By Tobi Soniyi in Lagos
The Financial Action Task Force (FATF) has threatened to suspend its high-level mission visit to Nigeria scheduled for November 20-21 2017 should the country fail to meet the demands of the Egmont Group of Financial Intelligence Units (FIUs).
The meeting was slated as a fact-finding mission to enable FATF determine whether Nigeria has met the requirements for its readmission into the Egmont Group.
The Financial Action Task Force (on Money Laundering), also known by its French name, Groupe d’action financière (GAFI), is an intergovernmental organisation founded in 1989 on the initiative of the G7 to develop policies to combat money laundering.
In 2001 its mandate was expanded to act on terrorism financing. It monitors countries’ progress in implementing the FATF recommendations by peer reviews of member countries.
The FATF secretariat is housed at the headquarters of the OECD in Paris.
The threat to suspend its visit to Nigeria was contained in a statement yesterday in Abuja by Salihu Isah, Special Adviser, Media and Publicity to the Attorney General of the Federation and Minister of Justice, Abubakar Malami (SAN).
He said the latest warning to Nigeria from FATF stemmed from the failure to implement the Egmont Group’s requirements, which could have serious consequences, as it will begin by suspending its mission to Nigeria.
Nigeria was fully admitted into the Egmont Group in 2007, after operational admittance in 2005, in what was considered one of the biggest achievements of the Olusegun Obasanjo administration.
Last July, the group suspended Nigeria as a result of the interference of the Economic and Financial Crimes Commission (EFCC) in the workings of the NFIU. It asked the country to amend its law establishing the NFIU to make it autonomous or get expelled by January 2018.
Besides, Egmont Group’s decision, by consensus, to clamp down on Nigeria arose from repeated failures on the part of the NFIU to address concerns regarding the protection of confidential information specifically related to the status of suspicious transaction report (STR) details and information derived from international exchanges.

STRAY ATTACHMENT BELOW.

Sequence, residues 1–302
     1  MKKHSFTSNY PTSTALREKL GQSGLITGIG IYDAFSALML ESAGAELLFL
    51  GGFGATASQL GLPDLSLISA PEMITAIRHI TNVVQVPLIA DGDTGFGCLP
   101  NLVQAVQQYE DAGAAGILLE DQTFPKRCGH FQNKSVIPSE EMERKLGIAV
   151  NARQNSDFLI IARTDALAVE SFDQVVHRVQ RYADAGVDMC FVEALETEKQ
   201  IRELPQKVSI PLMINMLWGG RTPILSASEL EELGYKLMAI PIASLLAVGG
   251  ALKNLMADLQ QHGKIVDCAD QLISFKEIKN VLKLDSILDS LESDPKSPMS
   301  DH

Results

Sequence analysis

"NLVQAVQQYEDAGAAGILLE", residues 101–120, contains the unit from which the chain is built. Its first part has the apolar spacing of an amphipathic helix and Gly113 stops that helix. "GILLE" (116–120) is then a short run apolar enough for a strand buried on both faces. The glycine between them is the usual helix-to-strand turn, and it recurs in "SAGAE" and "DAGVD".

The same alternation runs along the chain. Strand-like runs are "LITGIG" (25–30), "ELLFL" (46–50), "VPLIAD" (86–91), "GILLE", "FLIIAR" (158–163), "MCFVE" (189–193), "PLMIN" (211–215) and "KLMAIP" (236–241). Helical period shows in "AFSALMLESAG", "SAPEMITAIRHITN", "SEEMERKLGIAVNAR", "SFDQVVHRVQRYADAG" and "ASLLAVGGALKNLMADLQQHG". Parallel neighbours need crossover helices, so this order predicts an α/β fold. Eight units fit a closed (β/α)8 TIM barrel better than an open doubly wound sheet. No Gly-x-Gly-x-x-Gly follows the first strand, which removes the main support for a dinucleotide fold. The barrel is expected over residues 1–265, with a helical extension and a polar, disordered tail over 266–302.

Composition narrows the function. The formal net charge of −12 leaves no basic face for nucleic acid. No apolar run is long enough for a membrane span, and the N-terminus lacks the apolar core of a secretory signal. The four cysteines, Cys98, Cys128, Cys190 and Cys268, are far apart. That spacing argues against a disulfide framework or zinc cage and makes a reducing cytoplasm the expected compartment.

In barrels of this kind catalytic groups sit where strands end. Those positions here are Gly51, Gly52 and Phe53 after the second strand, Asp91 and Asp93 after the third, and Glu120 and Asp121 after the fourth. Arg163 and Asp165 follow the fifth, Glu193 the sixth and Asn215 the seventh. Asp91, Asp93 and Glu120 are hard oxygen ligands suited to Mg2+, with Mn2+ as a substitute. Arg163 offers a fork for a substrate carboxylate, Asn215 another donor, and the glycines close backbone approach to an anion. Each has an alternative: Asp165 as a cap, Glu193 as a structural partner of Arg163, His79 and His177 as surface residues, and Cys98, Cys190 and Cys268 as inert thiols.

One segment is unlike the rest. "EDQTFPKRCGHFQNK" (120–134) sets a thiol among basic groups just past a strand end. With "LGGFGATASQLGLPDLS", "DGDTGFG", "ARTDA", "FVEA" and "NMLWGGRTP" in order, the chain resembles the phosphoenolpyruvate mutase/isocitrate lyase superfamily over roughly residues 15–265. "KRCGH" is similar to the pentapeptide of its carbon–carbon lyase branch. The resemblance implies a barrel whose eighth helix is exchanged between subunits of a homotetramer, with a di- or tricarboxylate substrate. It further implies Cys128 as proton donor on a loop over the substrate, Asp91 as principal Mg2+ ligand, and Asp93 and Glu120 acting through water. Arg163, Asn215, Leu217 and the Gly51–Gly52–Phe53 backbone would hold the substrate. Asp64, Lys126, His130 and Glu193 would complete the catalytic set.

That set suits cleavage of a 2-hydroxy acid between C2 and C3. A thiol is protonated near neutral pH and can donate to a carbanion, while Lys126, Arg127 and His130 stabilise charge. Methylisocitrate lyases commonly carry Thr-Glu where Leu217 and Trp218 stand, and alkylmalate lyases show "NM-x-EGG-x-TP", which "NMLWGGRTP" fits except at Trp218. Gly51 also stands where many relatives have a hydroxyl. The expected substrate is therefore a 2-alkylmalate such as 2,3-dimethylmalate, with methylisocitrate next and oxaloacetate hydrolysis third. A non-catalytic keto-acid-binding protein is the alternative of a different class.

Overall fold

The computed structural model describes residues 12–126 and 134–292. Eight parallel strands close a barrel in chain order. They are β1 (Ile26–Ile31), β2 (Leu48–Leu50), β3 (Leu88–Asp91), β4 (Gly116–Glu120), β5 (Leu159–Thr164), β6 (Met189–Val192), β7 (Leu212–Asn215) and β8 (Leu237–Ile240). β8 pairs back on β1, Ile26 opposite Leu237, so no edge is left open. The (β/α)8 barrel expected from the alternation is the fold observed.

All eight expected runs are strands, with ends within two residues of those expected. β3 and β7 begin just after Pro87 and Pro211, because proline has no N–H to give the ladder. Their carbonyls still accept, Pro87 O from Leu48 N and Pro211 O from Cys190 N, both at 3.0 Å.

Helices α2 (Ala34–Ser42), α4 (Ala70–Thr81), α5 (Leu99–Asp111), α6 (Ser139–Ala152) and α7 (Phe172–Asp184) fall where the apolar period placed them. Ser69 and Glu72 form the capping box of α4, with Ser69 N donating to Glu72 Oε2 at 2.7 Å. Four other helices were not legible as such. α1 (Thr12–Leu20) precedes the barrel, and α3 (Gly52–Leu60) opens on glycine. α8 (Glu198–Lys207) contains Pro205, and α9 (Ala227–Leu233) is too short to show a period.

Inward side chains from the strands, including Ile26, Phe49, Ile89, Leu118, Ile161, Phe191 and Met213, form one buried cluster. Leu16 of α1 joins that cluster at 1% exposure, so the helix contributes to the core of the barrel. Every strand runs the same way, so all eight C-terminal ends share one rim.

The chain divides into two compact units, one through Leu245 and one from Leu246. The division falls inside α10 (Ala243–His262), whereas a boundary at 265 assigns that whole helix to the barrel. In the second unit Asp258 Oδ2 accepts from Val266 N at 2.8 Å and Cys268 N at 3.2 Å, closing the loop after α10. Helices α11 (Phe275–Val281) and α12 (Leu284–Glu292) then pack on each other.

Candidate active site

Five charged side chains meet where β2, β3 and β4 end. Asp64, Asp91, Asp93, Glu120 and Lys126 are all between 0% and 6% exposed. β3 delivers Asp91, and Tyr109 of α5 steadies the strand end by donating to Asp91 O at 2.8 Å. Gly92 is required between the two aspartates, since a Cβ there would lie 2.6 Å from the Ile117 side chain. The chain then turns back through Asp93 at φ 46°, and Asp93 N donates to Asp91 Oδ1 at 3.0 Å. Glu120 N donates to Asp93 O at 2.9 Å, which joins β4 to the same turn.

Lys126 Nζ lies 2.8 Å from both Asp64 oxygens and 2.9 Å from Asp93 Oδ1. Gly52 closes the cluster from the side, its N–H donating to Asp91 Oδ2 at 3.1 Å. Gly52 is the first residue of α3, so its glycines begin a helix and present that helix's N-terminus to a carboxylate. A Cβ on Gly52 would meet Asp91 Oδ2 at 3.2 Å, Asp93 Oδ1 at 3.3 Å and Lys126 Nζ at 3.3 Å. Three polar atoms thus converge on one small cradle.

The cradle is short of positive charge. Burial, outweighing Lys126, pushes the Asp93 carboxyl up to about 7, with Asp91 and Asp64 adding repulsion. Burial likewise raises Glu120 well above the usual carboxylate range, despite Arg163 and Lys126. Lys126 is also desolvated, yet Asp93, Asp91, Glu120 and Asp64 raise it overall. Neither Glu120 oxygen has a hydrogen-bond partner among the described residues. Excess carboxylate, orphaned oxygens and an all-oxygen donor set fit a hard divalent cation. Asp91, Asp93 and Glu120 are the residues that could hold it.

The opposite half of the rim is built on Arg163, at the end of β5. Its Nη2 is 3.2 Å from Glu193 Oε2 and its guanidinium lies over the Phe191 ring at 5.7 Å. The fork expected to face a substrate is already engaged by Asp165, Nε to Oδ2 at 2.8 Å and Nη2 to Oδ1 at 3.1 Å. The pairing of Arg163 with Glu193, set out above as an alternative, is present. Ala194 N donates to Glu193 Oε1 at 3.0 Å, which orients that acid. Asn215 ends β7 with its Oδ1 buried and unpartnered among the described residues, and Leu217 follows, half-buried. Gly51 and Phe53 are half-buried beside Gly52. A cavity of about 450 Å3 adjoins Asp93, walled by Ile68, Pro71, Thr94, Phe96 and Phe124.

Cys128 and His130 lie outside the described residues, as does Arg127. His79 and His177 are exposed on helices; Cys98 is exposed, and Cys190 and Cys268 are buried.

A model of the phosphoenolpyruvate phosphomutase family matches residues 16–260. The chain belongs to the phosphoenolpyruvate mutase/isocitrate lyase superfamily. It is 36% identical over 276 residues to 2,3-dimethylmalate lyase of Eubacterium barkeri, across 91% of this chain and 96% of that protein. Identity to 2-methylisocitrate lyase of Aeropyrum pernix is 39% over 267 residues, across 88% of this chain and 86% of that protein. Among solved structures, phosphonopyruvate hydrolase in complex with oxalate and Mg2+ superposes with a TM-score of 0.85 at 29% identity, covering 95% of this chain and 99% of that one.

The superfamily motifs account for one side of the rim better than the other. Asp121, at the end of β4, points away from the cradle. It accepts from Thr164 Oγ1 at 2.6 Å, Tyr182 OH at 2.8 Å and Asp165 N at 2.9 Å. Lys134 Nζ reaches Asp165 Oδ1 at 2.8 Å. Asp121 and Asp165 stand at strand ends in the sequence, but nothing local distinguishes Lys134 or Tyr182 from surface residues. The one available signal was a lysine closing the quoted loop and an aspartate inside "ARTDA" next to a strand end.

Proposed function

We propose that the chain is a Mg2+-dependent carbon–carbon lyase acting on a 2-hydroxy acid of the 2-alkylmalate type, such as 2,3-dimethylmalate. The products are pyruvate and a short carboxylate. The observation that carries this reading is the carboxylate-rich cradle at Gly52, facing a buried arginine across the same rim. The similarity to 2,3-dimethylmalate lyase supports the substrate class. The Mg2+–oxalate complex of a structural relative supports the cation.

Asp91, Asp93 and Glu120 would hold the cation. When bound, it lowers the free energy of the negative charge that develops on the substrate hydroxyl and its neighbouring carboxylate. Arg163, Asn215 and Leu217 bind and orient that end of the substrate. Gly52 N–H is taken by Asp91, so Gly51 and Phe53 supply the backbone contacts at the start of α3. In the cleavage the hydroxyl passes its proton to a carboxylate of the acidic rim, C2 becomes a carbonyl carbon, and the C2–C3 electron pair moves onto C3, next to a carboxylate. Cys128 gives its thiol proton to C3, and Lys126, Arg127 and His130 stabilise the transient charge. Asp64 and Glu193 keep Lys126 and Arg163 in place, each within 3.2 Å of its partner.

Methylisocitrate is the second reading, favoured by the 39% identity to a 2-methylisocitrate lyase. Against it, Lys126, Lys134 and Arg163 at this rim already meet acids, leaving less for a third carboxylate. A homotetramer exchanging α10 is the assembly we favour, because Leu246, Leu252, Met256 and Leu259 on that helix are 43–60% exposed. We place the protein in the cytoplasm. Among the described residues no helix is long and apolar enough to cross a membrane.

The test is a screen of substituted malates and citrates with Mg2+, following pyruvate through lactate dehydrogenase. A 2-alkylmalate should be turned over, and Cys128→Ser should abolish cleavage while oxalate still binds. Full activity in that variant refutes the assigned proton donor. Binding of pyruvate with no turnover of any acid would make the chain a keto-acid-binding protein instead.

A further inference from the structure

The group, however, expressed hope that the Nigerian authorities would address these concerns to enable it to lift the suspension as soon as possible.
About 354 participants, representing 112 FIUs, were in attendance at the meeting.
The Senate has since passed a bill granting the Nigerian unit autonomy, a move that has been resisted by the EFCC where it is currently domiciled.
Malami’s media aide, however, said in the statement that the federal government would do what was necessary to meet the demands for the autonomy of the NFIU in order to be readmitted to the Egmont Group.
While acting as president, Professor Yemi Osinbajo (SAN) had constituted a high-powered ad hoc-committee chaired by the Chairman, Senate Committee on Anti-Corruption and Financial Crimes Senator Chukwuka Utazi and mandated the committee to ensure that Nigeria meets the requirements as demanded by Egmont Group and FATF.
The committee has since concluded its work and submitted its report to the presidency.
However, in a recent letter by the FATF to the justice minister, its president, Santiago Otamendi expressed concern over Nigeria’s repeated failures on its FIU, which may lead to the suspension of FATF’s visit to the country.
The purpose of the mission to Nigeria in November is to confirm the country’s level of commitment to its objectives, especially its standards.
The FATF secretariat in France, through a letter dated 29 August 2017 titled, ‘Suspension of Egmont Group Membership Status of the Nigerian Financial Intelligence Unit,’ also stated that the visit would provide FATF member nations with the assurance that Nigeria is ready to undergo a successful mutual evaluation within three years.
The letter read: “I have been informed by the President of the Egmont Group of Financial Intelligence Units, Mrs. Hennie Verbeek-Kusters, of the recent suspension of the Nigerian Financial Intelligence Unit’s Egmont Group membership status, following the Egmont Group’s decision of July 5th, 2017.
“I would like to share with you our serious concerns regarding the reasons that motivated this decision, notably the repeated failures of the FIU Nigeria to address concerns regarding the protection of confidential information as well as concerns about the legal basis and the FIU’s independence via-a-vis the Nigerian Economic and Financial Crimes Commission (EFCC).
“These issues are indeed core elements of the anti-money laundering and counter-terrorist financing framework promoted by the FATF recommendations.
“These issues could, therefore, have implications on the Federal Republic of Nigeria’s membership process for the FATF, if not addressed timely and properly ahead of the High-Level Mission originally scheduled for 20-21 November 2017.
“The purpose of this visit is indeed to confirm the Federal Republic of Nigeria’s high-level commitment to the FATF objectives, including full and effective implementation of FATF standards, and to provide FATF members with the assurance that Nigeria is ready to undergo a successful mutual evaluation within three years.
“In order for this membership process to move forward, I would encourage the Federal Republic of Nigeria to take all necessary measures to address these concerns and ensure that conditions for a successful High-Level Mission are met before November 2017.
“I look forward to hearing from you on the steps taken by the Nigerian Government to further demonstrate your commitment to FATF.”